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Let’s look at the first time the Lord gave the tablets of the commandments to Moses.  Exodus 24:12 says, “And the LORD said unto Moses, Come up to me into the mount, and be there: and I will give thee tables of stone, and a law, and commandments which I have written; that thou mayest teach them.”  So, here on Mount Sinai, the Ten Commandments which had already been spoken, would now be etched permanently onto stone tablets by the very finger of God.  Moses’ time alone with the Lord was very lengthy.  Exodus 24:18 tells us, “And Moses went into the midst of the cloud, and gat him up into the mount: and Moses was in the mount forty days and forty nights.”  We later read in Exodus 31:18, “And he gave unto Moses, when he had made an end of communing with him upon mount Sinai, two tables of testimony, tables of stone, written with the finger of God.”  This shows us the Lord did everything in giving Moses these tablets.  The Lord hewed these tablets and wrote the commandments with His own finger.  We are told in Exodus 32:16, “And the tables were the work of God, and the writing was the writing of God, graven upon the tables.”

Even as the Lord was giving these commandments to His people through His servant, Moses, the people fell into idolatry.  Because of Moses’ long absence, the people asked Aaron to make them a new god.  We read in Exodus 32:2-4, “And Aaron said unto them, Break off the golden earrings, which are in the ears of your wives, of your sons, and of your daughters, and bring them unto me. And all the people brake off the golden earrings which were in their ears, and brought them unto Aaron. And he received them at their hand, and fashioned it with a graving tool, after he had made it a molten calf: and they said, These be thy gods, O Israel, which brought thee up out of the land of Egypt.”  Seeing that these people had so quickly turned to idolatry, the Lord determined to destroy them, but Moses interceded on their behalf and sought His mercy for these idolatrous people.  We then read of Moses coming down from the mount in Exodus 32:19, “And it came to pass, as soon as he came nigh unto the camp, that he saw the calf, and the dancing: and Moses’ anger waxed hot, and he cast the tables out of his hands, and brake them beneath the mount.”

Upon seeing the Lord’s people dancing naked around the golden calf, we read in Exodus 32:26-28, “Then Moses stood in the gate of the camp, and said, Who is on the LORD’S side? let him come unto me. And all the sons of Levi gathered themselves together unto him. And he said unto them, Thus saith the LORD God of Israel, Put every man his sword by his side, and go in and out from gate to gate throughout the camp, and slay every man his brother, and every man his companion, and every man his neighbour. And the children of Levi did according to the word of Moses: and there fell of the people that day about three thousand men.”  When Moses next interceded for the people, he was interceding for those who had sinned, but yet had repented and took a stand to be on the Lord’s side.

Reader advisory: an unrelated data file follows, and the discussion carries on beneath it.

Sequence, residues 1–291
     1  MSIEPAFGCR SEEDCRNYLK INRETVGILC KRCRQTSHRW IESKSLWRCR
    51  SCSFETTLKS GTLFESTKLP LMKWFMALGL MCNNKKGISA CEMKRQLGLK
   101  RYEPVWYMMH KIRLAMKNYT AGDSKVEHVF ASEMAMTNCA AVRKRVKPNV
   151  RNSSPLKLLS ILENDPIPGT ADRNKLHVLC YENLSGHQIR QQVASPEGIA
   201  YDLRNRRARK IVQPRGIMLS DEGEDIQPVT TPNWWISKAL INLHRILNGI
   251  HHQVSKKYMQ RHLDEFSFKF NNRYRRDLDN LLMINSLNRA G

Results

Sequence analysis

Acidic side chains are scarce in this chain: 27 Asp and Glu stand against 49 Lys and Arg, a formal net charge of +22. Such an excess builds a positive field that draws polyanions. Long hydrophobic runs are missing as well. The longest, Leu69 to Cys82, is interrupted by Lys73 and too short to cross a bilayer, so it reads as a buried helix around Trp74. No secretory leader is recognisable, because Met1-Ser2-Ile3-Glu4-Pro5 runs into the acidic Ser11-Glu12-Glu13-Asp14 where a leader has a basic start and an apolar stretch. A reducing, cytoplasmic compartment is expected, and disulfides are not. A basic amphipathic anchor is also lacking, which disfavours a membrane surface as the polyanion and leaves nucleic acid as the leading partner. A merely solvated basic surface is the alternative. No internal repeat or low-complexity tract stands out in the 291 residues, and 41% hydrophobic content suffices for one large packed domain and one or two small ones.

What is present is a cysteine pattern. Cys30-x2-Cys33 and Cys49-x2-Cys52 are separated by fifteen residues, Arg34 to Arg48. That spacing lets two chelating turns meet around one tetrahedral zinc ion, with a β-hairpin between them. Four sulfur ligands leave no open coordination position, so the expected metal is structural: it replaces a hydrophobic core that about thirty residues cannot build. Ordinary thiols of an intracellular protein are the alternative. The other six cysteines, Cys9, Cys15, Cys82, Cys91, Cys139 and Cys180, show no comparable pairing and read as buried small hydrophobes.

The Lord then calls Moses back to Mt. Sinai as we read in Exodus 34:1-2, “And the LORD said unto Moses, Hew thee two tables of stone like unto the first: and I will write upon these tables the words that were in the first tables, which thou brakest. And be ready in the morning, and come up in the morning unto mount Sinai, and present thyself there to me in the top of the mount.”  Repentant Israel was now reconciled to the Lord through the work of their mediator, Moses, so the Lord had this intercessor hew the stones himself.  This teaches us at least a couple of lessons.  One is that since they had sinned, the people would not have the perfect stones once created by the hand of God.  They would always be reminded of their unfaithfulness by these man-made stones.  The second lesson we learn here is the power of the mediator.  It was through the sincere and earnest work of Moses that the Lord would reconcile with His people.  This is a type of Christ, of whom we read in 1 Timothy 2:5, “For there is one God, and one mediator between God and men, the man Christ Jesus. (108.3)